A three-year collaboration among 27 scientific, industrial and business partners is underway with the goal of finding ways to use methane-based fuels for transportation and energy production.
In a so-called power-to-gas process that uses electric power from renewable energy sources, environmentally friendly gas can be generated that can be stored easily for later use as and when required. Methane from power-to-gas processes offers numerous benefits compared with other power-to-X options – the production processes are less complex and deliver significantly higher levels of efficiency, which has a positive impact on production costs. A further benefit is the trouble-free, successive replacement of fossil-based natural gas by compressed or liquid methane from renewable energy sources (renewable methane). This means that the existing gas networks and gas applications can still be used without the need for expensive and time-consuming modifications.
The MethQuest collaboration includes six joint projects ranging from methane recovery, new engine concepts for ships, cogeneration plants and cars, to sector coupling using microgrid solutions for both inland and seaports, in addition to a systems analysis assessment.
The aim of the program is to develop environmentally friendly, affordable and practicable approaches for a successful energy transition, according to members.
Responsibility for the joint lead project coordination has been assigned to Rolls-Royce Power Systems and the DVGW Research Centre at Engler-Bunte-Institute (EBI) of Karlsruhe Institute of Technology (KIT).
In the MethQuest lead project, the goal is to find technologies that use methane-based fuels from renewables in mobile and stationary applications and subsequently launch them to the market. While the use of gas is widespread, particularly for heating purposes, its potential for passenger, freight and maritime transport has lagged. Its use in cogeneration plants to provide a flexible means of generating heat and power has also been stagnating for many years, in spite of the fact that cogeneration plants in power-operated mode are seen as a key element of the energy transition, according to the MethQuest group.
Taking the Port of Karlsruhe as a case study, the interfaces and synergies of sector coupling will be examined and simulated. Specifically, the purpose of the study is to determine how electricity, gas and heat can be produced locally as required and supplied to the end users.
These will include the local port infrastructure, in addition to the city’s bus fleet and barges.
Storage possibilities will also be considered that would enable the local grid to be operated independently.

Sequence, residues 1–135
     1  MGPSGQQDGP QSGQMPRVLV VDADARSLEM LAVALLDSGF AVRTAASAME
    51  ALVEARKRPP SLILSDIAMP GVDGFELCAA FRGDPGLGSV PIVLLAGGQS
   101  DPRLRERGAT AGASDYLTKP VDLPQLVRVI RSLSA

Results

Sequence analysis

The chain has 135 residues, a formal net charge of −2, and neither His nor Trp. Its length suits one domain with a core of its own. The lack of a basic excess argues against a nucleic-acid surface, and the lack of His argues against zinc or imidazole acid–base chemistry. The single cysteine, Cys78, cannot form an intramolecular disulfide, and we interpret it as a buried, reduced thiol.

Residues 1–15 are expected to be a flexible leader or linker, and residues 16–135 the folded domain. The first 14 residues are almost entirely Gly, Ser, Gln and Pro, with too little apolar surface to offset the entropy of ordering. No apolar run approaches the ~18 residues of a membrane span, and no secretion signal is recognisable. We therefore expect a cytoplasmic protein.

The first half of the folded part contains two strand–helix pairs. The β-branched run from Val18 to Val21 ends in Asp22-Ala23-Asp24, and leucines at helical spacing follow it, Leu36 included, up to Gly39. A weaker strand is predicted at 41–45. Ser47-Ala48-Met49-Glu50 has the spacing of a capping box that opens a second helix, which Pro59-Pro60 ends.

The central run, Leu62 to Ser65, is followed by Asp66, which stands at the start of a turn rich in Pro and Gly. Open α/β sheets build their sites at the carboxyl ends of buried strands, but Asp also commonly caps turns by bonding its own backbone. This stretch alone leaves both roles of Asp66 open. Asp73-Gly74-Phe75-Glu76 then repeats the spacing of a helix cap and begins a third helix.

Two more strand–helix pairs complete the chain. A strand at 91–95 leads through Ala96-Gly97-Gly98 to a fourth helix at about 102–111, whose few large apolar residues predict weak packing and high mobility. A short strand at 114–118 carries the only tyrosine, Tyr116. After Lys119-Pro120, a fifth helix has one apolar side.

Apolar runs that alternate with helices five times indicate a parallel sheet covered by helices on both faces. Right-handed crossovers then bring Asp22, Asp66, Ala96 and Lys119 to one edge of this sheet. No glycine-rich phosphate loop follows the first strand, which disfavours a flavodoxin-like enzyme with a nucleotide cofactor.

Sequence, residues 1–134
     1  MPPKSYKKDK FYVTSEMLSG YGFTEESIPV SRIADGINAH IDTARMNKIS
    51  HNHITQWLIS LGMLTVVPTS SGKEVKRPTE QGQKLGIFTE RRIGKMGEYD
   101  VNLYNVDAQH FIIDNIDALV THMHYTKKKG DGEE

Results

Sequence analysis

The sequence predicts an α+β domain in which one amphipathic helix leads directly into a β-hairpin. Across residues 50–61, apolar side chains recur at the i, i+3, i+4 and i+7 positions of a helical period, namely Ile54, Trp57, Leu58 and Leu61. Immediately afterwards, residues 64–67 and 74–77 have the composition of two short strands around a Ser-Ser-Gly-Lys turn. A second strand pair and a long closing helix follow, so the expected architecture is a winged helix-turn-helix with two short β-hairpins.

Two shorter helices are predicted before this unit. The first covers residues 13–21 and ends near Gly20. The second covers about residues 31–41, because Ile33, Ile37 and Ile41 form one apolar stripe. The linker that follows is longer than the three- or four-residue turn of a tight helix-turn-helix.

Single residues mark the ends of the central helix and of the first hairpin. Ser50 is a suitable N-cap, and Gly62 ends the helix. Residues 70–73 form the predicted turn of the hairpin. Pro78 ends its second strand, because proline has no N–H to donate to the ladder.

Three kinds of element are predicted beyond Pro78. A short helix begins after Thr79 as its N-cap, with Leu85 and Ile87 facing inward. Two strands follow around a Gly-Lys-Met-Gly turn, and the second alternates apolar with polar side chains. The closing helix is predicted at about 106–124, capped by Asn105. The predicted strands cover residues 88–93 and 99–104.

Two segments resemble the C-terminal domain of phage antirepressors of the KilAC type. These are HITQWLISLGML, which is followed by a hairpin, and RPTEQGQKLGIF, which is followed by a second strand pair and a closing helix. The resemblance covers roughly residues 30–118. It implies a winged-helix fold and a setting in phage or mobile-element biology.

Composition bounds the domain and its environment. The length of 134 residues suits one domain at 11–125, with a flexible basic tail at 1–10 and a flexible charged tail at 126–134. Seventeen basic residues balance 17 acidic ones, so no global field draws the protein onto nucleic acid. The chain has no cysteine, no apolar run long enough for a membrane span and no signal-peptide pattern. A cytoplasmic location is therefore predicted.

“For a successful energy transition, it is absolutely essential that the energy and transport sectors are coupled and looked at as a whole,” said Norbert Brackmann, Germany’s coordinator for the maritime industry. “At the same time, methane-based fuels produced using electric power that is generated from renewable energy sources (power-to-gas) will be an important factor. They will enable greenhouse gas emissions to be significantly reduced, which will help is to achieve our climate protection goals. The further development of technologies that will make possible the energy-efficient use of these fuels is an integral part of the MethQuest lead project.”
The project has a total value of €32 million, with financing provided by the Ministry of Economic Affairs and Energy (BMWi) amounting to a total of €19 million. Andreas Schell, CEO of Rolls-Royce Power Systems, and Dr. Frank Graf, director, Gas Technology at the DVGW Research Center at Engler-Bunte-Institute of Karlsruhe Institute of Technology (KIT), accepted the official grant approval on behalf of the 27 partners from research and industry.
“Through these six joint projects we will achieve an innovation boost in numerous areas, from the development of innovative ways of obtaining gas from renewables to new kinds of engine concepts for cars, stationary applications and ship propulsion systems, in addition to the design of microgrids for inland and seaports,” Graf said.
Schell said he welcomes the commitment of all project participants as making an important contribution to Germany‘s energy transition.
“As a solutions provider, we have been pushing ahead with the use of alternative fuels, the development of new MTU gas engines and the further electrification of both propulsion systems and energy systems with our Green and High-Tech initiative for a long time,” Schell said. “We have been successful in doing this only as a result of our close collaboration with strong partners, such as those involved in this project. We are therefore extremely delighted that we will now be able to increase our expertise in the two joint projects MethPower and MethMare in a leading capacity, in addition to making a contribution in the joint project MethGrid and together with all the project partners.”